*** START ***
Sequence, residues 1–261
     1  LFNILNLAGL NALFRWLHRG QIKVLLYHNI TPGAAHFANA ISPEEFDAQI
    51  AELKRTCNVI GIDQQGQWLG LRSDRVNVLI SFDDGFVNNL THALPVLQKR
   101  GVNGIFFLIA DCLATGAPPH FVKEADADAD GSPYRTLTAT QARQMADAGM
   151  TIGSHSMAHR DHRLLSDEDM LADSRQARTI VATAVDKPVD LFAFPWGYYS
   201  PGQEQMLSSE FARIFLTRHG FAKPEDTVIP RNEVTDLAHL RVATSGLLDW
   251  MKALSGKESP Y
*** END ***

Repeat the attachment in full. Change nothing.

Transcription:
Sequence, residues 1–261
     1  LFNILNLAGL NALFRWLHRG QIKVLLYHNI TPGAAHFANA ISPEEFDAQI
    51  AELKRTCNVI GIDQQGQWLG LRSDRVNVLI SFDDGFVNNL THALPVLQKR
   101  GVNGIFFLIA DCLATGAPPH FVKEADADAD GSPYRTLTAT QARQMADAGM
   151  TIGSHSMAHR DHRLLSDEDM LADSRQARTI VATAVDKPVD LFAFPWGYYS
   201  PGQEQMLSSE FARIFLTRHG FAKPEDTVIP RNEVTDLAHL RVATSGLLDW
   251  MKALSGKESP Y